On 25 October 2017, Climate Transparency’s partner Jorge Villareal, Iniciativa Climática de México, presented the Brown to Green Report 2017 at Mexico’s Ministry of Foreign Affairs (SRE). The presentation focused on Mexico’s climate performance compared to its G20 peers. Juan Carlos Arredondo Brun, Director of the Climate Change Division of the Ministry of Environment and Natural Resources (SERMANAT) and Norma Munguia, Director of Global Affairs, Ministry of Foreign Affairs, gave their view on Mexico’s transition towards a low-carbon, resilient economy. Around 25 experts from civil society joined the discussions.

According to the Brown to Green Report, Mexico’s share and growth rates of renewable energy remain below the G20 average, despite significantly increasing the amount of renewable energy capacity installed in 2016 compared to previous years. Overall, Mexico receives a positive policy performance rating from national experts, but they criticise its mitigation strategy for 2050 for not containing an implementation roadmap, and the fact that it does not provide clear measures and actions of how to comply with the emission reduction targets set in its Climate Change Law. Mexico has recently improved its support policy for renewable energy. Its investment attractiveness for renewables is in the middle range of the G20 due to its low market absorption capacity and general investment conditions. A carbon tax was introduced in 2014, which applies to fossil fuels but exempts natural gas. In 2016, it announced plans to establish a national carbon market in 2018, and expressed a strong interest in a North American carbon market. However, it continues to subsidise its oil and gas industry through tax breaks and budgetary support.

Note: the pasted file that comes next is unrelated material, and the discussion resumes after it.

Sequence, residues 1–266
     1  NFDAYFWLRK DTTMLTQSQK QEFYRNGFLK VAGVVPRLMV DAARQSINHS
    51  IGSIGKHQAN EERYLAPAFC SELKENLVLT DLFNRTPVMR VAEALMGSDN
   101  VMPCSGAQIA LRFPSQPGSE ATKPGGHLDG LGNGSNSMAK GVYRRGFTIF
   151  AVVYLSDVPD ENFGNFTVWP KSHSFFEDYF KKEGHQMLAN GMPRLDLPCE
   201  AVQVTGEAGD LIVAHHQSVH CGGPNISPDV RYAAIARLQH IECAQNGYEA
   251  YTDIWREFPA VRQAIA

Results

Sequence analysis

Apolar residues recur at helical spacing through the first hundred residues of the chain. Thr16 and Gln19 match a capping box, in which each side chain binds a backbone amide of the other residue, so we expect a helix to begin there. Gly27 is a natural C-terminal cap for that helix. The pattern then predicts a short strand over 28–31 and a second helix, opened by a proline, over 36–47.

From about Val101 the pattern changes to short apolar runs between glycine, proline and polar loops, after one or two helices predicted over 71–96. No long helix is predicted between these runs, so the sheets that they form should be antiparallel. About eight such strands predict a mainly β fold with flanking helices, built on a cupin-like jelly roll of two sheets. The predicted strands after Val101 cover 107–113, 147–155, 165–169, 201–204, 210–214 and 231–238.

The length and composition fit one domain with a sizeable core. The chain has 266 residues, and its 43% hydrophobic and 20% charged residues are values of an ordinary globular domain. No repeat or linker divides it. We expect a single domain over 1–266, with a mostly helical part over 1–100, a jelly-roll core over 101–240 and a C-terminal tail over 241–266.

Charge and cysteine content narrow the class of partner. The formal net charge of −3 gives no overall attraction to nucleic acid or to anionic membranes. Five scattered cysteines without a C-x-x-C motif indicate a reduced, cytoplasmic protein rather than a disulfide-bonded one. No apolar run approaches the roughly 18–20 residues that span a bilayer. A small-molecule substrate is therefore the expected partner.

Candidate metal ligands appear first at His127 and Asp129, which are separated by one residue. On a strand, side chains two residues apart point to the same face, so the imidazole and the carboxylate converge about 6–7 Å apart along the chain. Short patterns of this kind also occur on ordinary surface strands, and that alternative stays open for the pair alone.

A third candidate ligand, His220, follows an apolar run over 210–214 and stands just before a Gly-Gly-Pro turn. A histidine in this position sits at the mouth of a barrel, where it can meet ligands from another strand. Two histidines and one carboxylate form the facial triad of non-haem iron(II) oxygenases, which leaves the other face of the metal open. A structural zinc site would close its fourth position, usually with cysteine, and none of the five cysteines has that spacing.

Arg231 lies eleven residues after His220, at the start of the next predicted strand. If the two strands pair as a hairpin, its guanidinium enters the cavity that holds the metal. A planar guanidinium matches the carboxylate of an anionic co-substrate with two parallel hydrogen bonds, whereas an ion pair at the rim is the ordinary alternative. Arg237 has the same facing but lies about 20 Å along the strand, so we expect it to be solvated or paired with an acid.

Highlights of the event discussions include:

  • Absolute decoupling of emissions in the energy sector in Mexico: Mexico has reduced its emissions in the energy sector mainly through the substitution of fuel oil by natural gas. However, future predictions show that in 2030 Mexico will emit almost as much as it does now if the development of its economy is based on natural gas. An absolute decoupling of GHG emissions from the electricity sector requires an increase of renewable energy within the energy matrix.
  • Translation and incorporation of the Paris Agreement into the Mexican law: So far the Paris Agreement and the NDC are only voluntary pledges and although they are recognised by the International Community, there is a need to legislate the outcome in order to secure Mexico’s pledges beyond political will and implementation limitations.
  • Adoption of the Paris rulebook: Mexico pledged to reduce its emissions by 30% in 2020 based on the emission levels of the year 2000. Despite emission reductions, in 2016 only a sixth of the overall necessary emission reduction has been achieved. This means that Mexico will have to increase its ambition rapidly to comply with its own targets, let alone the Paris roadmap.
  • Forestry sector: Although Mexico shows no signs of deforestation and it is likely that it will comply with the 2030 0% deforestation goal, there is a need to assess the state and quality of forests in Mexico.
  • Production and consumption: While the Brown to Green report assesses the production side of the economy, it is important to incorporate indicators on consumption patterns.
  • Electricity auctions: During 2016, Mexico undertook two electrify auctions and in both cases solar and wind technologies achieved most of the allocated prices. The first with an average cost per MW/h of 43 USD and the second ranking lower with a 33$/MWh. This shows that in terms of competitiveness, renewable energies are already competitive in the national market, however the lack of public and private support for its development and penetration has been the consequence of its delayed incorporation into the energy matrix at a larger scale and a faster rate.